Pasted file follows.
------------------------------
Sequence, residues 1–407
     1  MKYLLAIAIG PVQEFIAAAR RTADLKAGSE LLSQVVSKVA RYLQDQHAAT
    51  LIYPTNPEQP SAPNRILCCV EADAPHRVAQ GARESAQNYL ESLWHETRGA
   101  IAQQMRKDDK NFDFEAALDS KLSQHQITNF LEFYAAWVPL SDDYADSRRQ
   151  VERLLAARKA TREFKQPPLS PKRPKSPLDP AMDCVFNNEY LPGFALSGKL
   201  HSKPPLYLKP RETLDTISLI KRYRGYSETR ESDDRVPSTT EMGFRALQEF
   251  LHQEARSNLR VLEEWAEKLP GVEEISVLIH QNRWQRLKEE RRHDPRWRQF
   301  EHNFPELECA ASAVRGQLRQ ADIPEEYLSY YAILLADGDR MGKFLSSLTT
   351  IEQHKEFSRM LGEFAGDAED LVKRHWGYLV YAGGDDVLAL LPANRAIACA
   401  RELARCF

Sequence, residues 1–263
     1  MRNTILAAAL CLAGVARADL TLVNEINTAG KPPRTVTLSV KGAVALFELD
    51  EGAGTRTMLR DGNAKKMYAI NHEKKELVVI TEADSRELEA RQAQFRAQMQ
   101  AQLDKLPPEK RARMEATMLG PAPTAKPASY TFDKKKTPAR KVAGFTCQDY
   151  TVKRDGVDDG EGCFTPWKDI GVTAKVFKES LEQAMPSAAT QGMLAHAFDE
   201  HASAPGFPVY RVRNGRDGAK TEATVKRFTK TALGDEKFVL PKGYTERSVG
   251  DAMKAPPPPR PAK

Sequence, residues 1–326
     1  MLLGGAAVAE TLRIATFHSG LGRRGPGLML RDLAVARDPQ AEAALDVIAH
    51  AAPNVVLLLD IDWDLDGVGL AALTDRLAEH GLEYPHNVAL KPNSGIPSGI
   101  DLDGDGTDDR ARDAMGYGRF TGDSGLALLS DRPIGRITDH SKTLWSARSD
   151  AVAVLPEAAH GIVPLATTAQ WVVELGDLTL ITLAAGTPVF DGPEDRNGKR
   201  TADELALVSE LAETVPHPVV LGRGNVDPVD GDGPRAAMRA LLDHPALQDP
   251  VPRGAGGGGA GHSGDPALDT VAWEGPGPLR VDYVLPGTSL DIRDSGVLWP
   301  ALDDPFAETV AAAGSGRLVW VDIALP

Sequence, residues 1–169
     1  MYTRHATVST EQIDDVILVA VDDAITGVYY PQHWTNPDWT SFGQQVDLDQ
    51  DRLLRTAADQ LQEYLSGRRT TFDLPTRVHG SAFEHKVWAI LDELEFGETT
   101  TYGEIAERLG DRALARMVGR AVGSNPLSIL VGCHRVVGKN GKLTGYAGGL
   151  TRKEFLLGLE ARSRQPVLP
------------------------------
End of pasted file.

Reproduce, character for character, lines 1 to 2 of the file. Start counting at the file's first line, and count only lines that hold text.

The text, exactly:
Sequence, residues 1–407
     1  MKYLLAIAIG PVQEFIAAAR RTADLKAGSE LLSQVVSKVA RYLQDQHAAT